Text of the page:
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Apple To Use JointVenture To Bring iPad 2, iPhone 5 To Enterprises

Apple newly launched JointVenture program will help Apple invade the SMB market by providing businesses with an easy way to support their Apple products, either a Mac or iPhone or iPad.

Interestingly enough, you can only become a JointVenture (opens in new tab) customer (opens in new tab) when you buy a new Mac and pay £379 over and above the initial purchase per year; you will then be able to support up to five systems, which may include one iPad 2, one iPhone 5, Macbooks and others.

Note that the price includes VAT, which is a nice little bonus. Apple employees will set up the new Apple products within 24 hours; this includes the transfer of existing data like email, calendar and address book and the installation of Mac applications.

They will also activate the customer's JV website where they can schedule training, book appointments at Apple Store, get technical support and sign up for workshops. Also included in the package are three two-hour sessions of training every year at the Apple Store for up to eight employees at a time.

Other services included in the £76 charge per unit are the ability to speak to an Apple Genius over the phone or in person, "Anytime" updates which apparently includes cleaning a system's display and keyboard and finally a Loaner program which gives users access to a laptop complete with applications if a system cannot be returned in less than 24 hours.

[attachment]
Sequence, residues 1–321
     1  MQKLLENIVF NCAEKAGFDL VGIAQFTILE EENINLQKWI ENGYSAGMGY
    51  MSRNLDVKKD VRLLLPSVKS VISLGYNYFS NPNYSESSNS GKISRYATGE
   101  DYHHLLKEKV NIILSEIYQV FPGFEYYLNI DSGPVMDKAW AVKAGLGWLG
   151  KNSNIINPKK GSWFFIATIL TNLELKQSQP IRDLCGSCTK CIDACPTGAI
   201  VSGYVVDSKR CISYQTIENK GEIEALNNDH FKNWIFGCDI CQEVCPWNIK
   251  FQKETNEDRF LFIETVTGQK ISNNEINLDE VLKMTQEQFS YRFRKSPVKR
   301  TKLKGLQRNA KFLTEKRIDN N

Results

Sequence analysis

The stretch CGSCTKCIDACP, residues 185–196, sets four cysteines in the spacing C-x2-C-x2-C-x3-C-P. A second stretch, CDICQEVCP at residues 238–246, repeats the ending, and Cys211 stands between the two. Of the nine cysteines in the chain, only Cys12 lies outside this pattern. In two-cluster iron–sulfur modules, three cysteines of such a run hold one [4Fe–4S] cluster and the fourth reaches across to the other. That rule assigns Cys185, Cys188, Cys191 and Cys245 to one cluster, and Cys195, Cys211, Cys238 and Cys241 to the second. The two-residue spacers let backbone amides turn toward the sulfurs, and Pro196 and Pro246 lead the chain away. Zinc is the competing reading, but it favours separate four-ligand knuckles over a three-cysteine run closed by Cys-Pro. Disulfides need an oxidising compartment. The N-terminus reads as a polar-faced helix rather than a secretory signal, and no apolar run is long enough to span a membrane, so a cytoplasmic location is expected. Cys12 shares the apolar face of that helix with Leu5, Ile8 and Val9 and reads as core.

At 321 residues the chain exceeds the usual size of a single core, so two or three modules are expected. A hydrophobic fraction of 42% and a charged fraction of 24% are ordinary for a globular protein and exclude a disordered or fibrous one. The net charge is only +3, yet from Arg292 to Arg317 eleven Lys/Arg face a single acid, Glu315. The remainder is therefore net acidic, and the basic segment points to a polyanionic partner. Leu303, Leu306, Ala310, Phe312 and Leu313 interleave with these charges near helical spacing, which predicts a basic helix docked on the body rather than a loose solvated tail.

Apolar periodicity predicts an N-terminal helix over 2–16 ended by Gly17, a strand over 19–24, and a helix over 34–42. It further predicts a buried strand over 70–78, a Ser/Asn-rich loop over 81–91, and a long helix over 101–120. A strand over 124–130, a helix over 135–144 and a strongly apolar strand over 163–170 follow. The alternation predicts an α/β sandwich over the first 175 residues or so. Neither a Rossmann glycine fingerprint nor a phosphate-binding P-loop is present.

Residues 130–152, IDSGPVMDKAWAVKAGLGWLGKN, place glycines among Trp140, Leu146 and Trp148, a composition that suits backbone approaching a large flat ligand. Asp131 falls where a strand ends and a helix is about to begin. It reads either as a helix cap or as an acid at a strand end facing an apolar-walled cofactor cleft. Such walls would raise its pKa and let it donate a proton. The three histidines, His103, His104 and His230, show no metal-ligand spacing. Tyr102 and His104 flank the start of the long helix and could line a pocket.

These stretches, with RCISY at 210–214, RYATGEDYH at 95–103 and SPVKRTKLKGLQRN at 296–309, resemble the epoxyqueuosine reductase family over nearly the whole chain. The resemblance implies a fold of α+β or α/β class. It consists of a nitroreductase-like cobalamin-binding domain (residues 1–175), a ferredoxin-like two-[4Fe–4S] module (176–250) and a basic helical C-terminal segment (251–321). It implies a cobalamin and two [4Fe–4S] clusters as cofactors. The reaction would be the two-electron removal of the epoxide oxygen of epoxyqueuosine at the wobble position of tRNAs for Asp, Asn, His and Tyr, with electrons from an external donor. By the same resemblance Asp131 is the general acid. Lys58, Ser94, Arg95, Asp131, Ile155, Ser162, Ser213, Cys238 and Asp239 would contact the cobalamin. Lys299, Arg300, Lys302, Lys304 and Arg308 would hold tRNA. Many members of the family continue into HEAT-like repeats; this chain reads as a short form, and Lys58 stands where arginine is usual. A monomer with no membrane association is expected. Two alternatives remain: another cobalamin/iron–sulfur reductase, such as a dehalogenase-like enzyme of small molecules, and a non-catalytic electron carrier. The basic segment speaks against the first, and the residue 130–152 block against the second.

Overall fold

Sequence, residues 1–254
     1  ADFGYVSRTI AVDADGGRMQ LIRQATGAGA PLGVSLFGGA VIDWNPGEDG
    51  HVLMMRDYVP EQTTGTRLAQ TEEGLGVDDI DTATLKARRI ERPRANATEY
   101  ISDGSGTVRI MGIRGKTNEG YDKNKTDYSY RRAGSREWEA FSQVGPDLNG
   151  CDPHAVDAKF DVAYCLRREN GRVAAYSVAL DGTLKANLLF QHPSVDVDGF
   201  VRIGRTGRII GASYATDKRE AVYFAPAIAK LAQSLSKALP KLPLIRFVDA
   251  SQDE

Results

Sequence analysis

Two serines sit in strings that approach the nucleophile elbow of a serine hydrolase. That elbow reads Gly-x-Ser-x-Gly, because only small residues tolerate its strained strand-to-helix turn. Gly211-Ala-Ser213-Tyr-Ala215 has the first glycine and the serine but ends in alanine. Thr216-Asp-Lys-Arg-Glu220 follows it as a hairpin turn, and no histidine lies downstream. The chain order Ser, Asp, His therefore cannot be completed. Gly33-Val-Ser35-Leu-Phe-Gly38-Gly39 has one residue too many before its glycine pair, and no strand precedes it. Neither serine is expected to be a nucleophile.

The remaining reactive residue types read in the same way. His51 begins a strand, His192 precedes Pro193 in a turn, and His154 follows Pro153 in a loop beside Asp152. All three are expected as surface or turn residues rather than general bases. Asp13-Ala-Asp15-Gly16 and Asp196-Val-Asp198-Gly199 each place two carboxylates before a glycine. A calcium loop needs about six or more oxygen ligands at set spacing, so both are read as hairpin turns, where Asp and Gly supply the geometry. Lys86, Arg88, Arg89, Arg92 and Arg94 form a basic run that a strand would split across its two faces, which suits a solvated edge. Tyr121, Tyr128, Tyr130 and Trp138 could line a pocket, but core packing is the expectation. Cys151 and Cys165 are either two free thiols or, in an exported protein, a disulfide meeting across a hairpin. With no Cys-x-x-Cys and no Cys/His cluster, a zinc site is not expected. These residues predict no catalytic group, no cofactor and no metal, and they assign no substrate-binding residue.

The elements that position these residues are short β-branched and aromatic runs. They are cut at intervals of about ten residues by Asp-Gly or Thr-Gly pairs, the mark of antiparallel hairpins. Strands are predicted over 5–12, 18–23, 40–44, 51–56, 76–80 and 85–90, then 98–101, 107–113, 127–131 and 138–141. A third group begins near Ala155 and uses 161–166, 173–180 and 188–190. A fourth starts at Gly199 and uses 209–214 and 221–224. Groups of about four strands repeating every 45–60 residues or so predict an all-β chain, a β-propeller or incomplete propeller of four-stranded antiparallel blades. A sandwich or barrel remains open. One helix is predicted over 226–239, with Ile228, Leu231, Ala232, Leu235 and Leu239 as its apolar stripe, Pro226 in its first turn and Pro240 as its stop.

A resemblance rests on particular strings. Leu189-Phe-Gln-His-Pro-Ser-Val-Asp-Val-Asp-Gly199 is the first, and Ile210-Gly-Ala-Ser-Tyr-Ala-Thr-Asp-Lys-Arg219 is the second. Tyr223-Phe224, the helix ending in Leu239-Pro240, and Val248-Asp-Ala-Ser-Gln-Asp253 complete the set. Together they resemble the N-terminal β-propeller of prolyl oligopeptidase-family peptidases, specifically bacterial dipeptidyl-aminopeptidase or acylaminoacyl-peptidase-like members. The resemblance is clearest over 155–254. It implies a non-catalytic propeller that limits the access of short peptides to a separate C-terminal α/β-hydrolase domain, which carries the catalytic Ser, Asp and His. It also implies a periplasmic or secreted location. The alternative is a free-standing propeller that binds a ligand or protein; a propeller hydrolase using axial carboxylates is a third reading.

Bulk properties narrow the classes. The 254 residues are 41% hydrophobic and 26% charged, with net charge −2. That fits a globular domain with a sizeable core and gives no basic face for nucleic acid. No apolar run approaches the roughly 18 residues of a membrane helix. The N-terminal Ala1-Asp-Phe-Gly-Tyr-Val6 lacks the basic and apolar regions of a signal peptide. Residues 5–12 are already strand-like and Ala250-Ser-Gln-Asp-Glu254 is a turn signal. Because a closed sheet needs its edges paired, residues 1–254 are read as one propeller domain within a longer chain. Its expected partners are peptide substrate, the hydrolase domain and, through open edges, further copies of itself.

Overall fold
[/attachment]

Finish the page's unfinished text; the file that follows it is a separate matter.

Désiré Athow
Désiré Athow

Désiré has been musing and writing about technology during a career spanning four decades. He dabbled in website building and web hosting when DHTML and frames were en vogue and started writing about the impact of technology on society just before the start of the Y2K hysteria at the turn of the last millennium. Following an eight-year stint at where he discovered the joys of global tech-fests, Désiré now heads up TechRadar Pro. Previously he was a freelance technology journalist at Incisive Media, Breakthrough Publishing and Vnunet, and Business Magazine. He also launched and hosted the first Tech Radio Show on Radio Plus.